Cadbury: How their classic Dairy Milk chocolate is made
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Previous research has indicated that flavanols found in cocoa have the ability to lower blood pressure and arterial stiffness as much as some blood pressure medication. However, exactly how effective they are in reducing blood pressure in everyday life has been unclear, as the studies were all conducted under tightly controlled experimental conditions. This left concerns that, used as a treatment, cocoa might unintentionally pose health risks by decreasing blood pressure when it is not raised.
Accordingly, in their new study, cardiovascular medicine expert Professor Christian Heiss of the University of Surrey and his colleagues set out to investigate the impact of cocoa flavanols outside of a clinical setting.
Prof. Heiss said: “High blood pressure and arterial stiffness increases a person’s risk of heart disease and strokes, so it is crucial that we investigate innovative ways to treat such conditions.
“Before we even consider introducing cocoa into clinical practice, we need to test if the results previously reported in laboratory settings safely translate into real world settings.”
To do this, the researchers recruited eleven healthy participants.
Over the course of several days, the team alternately gave each participant either six capsules containing cocoa flavanols or six placebos containing brown sugar.
Each subject was also given an upper arm blood pressure cuff and a finger clip that records so-called pulse wave velocity — a measurement of arterial stiffness.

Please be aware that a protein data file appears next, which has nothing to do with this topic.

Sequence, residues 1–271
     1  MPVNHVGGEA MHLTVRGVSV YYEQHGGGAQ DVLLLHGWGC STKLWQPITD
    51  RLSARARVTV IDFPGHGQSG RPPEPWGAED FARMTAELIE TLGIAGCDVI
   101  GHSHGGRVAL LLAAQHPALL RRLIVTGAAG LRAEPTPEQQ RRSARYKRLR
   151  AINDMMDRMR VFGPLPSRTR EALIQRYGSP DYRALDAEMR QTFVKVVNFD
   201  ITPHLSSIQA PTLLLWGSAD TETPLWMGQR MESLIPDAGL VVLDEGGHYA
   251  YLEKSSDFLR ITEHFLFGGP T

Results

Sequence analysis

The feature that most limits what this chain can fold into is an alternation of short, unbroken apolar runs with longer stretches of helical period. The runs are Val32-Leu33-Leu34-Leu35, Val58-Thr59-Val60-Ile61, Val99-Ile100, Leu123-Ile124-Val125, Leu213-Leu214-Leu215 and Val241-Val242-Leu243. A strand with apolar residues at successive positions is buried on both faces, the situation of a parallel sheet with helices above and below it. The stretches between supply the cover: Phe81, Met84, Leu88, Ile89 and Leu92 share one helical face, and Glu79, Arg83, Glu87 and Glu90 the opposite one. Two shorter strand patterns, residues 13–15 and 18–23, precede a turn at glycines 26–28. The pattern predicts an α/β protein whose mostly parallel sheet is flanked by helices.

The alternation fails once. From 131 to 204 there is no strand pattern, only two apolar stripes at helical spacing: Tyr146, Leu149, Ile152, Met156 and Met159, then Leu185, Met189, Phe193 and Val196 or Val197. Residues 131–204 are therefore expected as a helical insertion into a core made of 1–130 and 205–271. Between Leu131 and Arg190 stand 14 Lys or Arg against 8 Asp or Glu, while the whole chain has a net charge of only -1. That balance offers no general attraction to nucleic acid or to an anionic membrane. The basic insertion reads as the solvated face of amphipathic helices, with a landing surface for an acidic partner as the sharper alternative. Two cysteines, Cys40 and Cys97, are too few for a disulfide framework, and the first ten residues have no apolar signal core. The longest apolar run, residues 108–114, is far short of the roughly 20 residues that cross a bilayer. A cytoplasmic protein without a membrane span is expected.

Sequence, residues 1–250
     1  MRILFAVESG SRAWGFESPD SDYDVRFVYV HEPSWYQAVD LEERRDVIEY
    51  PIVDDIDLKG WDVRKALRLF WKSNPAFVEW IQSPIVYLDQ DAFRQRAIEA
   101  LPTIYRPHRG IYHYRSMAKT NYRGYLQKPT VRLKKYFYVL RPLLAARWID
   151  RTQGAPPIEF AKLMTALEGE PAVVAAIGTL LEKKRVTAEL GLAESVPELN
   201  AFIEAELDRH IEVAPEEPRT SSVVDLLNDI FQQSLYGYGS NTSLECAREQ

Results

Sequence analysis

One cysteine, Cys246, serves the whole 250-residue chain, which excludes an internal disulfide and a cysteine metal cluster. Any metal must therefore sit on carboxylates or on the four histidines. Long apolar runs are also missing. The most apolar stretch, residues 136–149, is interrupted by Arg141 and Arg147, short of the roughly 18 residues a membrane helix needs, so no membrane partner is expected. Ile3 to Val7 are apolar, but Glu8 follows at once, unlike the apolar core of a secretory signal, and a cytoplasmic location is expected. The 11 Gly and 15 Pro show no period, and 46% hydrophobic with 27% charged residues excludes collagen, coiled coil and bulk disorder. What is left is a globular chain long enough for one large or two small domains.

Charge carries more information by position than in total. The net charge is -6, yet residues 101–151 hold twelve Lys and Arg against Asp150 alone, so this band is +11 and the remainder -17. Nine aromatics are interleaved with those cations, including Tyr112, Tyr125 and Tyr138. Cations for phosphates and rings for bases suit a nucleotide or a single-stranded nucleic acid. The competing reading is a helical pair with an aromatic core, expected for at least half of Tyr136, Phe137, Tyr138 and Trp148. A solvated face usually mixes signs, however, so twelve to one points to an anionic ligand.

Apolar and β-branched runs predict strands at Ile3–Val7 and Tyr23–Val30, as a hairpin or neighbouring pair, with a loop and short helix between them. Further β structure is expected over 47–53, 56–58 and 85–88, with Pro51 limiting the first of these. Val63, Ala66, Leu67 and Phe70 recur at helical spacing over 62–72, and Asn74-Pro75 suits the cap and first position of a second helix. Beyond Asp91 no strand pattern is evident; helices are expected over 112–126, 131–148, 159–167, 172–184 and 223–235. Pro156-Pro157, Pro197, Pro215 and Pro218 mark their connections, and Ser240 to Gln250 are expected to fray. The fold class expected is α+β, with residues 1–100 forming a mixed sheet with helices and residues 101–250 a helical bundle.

Recordings of blood pressure and pulse wave velocity were taken prior to consumption of the day’s capsules, as well as every 30 minutes in the first three hours after ingestion.
Readings were then taken every hour for another nine hours.
The researchers found that the participants’ blood pressure and arterial stiffness were only lowered by cocoa flavanols if such levels were already high.
When blood pressure was recorded to already be low in the morning, the cocoa treatment had no effect — meaning that these flavonols are ideal for blood pressure treatment.
Alongside this, the team also noted an effect that appeared around eight hours after the cacao was consumed — a delayed response believed to result from the way in which guy bacteria metabolise cocoa flavanols.
Prof. Heiss said: “The positive impact cocoa flavonols have on our cardiovascular system — in particular blood vessel function and blood pressure, is undeniable.”
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Prof. Heiss continued: “Doctors often fear that some blood pressure tables can decrease the blood pressure too much on some days.
“What we have found indicates that cocoa flavanols only decrease blood pressure if it is elevated.
“Working with participants’ personal health technologies showed us how variable blood pressure and arterial stiffness can be from day-to-day and shows the role of personal health monitors in developing and implementing effective personalised care.”
The full findings of the study were published in the journal Frontiers in Nutrition.
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